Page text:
6 months later, 49 killed at Pulse are remembered in Orlando
ORLANDO, Fla. (AP) — Relatives, friends and survivors of the Orlando nightclub massacre early Monday stood outside Pulse where candles were lit behind stars with the names of each of the 49 patrons who were killed on the six-month anniversary of the worst mass shooting in modern U.S. history.
They hugged each other outside the shuttered gay club, and at 2:02 a.m., the exact time gunman Omar Mateen started shooting inside the club, a moment of silence was held. They then read the names of each of the deceased patrons.
Many wore black and others wore rainbow-colored "Orlando United" T-shirts and ball caps.
Dozens of other patrons were seriously injured during the June 12 massacre.
"Time really does fly," said Orlando Torres, who hid in a bathroom when the shooting started. "It was very somber and very touching."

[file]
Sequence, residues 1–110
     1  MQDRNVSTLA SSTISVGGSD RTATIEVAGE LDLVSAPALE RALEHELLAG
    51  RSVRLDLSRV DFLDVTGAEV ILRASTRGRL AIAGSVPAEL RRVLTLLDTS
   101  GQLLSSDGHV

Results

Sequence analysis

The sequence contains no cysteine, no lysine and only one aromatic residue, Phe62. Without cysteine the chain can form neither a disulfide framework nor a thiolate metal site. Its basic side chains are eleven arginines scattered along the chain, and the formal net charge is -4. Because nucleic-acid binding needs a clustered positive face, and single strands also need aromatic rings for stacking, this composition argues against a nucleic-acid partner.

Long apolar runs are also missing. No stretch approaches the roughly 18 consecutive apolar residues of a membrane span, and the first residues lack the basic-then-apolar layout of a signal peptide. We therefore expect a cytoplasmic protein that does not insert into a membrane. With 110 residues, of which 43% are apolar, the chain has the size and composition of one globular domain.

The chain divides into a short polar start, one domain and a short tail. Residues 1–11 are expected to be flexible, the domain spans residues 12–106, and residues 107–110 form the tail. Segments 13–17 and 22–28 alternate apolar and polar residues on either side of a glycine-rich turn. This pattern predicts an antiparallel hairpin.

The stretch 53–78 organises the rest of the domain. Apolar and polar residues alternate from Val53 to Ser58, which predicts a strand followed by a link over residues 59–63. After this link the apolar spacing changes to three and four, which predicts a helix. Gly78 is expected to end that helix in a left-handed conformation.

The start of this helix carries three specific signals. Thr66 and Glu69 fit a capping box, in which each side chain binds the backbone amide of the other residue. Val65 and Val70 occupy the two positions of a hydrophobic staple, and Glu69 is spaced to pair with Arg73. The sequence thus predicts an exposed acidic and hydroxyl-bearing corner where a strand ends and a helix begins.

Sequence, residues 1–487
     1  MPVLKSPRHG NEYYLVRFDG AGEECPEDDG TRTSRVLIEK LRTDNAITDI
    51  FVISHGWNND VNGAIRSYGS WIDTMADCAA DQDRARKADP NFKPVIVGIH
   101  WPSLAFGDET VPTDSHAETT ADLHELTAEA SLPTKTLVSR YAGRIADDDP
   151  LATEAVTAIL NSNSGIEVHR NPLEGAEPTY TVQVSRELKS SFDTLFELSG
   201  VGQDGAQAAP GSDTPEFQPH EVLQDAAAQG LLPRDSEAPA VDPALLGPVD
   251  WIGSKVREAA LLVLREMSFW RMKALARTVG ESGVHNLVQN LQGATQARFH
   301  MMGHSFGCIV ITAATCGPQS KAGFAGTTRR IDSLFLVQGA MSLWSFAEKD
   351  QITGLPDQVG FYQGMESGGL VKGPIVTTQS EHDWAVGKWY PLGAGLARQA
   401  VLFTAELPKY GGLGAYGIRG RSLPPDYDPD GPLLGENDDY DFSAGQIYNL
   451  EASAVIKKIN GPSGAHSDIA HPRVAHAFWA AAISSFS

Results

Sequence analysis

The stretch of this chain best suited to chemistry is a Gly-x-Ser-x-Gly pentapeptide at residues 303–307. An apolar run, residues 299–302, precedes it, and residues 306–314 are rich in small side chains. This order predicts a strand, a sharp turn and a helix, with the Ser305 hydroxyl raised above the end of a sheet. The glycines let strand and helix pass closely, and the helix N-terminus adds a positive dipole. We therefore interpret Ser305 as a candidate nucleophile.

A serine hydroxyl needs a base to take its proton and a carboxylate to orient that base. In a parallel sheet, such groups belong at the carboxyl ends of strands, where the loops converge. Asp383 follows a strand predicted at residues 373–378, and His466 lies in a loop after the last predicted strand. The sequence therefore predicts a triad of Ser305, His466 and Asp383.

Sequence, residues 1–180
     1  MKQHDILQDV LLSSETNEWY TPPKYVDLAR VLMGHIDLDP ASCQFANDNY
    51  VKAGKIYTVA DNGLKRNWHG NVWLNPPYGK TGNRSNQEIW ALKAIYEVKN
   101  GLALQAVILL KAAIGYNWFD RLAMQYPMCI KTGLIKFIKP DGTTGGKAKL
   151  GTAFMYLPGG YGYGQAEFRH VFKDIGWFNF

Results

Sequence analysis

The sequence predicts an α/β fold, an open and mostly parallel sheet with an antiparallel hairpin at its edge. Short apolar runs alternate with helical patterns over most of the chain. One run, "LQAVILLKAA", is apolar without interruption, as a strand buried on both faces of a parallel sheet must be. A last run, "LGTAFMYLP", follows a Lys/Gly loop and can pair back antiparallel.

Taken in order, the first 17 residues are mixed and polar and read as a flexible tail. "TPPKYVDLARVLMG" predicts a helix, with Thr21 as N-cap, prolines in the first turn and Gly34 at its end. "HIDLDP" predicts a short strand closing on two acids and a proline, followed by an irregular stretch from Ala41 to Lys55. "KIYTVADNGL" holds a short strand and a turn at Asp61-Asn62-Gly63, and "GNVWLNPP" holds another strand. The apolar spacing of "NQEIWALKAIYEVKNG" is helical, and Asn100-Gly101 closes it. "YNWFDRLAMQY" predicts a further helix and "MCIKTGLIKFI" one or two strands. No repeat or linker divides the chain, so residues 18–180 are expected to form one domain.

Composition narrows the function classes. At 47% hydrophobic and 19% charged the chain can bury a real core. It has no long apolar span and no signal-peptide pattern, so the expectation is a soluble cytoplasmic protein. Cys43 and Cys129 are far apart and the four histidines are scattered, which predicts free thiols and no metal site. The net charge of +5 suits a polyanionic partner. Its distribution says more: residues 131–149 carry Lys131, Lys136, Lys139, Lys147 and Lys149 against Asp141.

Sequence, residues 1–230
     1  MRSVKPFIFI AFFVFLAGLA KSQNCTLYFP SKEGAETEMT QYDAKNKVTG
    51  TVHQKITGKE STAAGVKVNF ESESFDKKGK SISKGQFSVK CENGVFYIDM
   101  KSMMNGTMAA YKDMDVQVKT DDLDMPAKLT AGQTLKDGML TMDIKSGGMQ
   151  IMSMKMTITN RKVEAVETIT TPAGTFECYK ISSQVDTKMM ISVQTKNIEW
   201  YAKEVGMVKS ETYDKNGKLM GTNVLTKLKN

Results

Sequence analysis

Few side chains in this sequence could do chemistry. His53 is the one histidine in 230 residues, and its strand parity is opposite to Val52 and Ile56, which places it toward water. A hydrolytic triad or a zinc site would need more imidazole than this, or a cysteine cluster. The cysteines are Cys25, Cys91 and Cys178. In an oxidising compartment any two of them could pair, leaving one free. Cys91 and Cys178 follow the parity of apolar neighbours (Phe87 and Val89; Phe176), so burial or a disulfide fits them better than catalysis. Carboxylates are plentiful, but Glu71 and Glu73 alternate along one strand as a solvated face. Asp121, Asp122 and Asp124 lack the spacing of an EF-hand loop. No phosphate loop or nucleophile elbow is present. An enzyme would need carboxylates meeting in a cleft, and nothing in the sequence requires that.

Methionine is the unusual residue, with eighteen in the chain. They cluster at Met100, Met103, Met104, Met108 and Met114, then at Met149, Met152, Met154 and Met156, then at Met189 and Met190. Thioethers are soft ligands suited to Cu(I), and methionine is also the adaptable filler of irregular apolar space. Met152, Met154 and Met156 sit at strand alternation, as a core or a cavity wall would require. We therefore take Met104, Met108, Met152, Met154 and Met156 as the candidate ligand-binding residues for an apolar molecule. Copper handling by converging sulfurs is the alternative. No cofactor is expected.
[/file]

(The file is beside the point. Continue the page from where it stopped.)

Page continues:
The early-morning remembrance was closed to the public and media, and Torres spoke to reporters afterward.
Two other services were planned in Orlando for the Pulse victims later in the day.
The gates around Pulse were going to be open in the evening, again, this time for a public remembrance. Another service also was planned in the evening at the Orange County Regional History Center.
After the service, the history center was opening an exhibit of digital photos showing Orlando's response to the mass shooting. Tens of thousands of central Florida residents attended memorial services for the Pulse victims in the days after the massacre and rainbow flags were hung all over the metro area in support of the gay community.
Mateen, who had pledged allegiance to the Islamic State group, was killed in a shootout with SWAT team members after a three-hour standoff. The FBI is still investigating the massacre.
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The Gayly - 12/12/2016 @ 11:44 a.m. CST.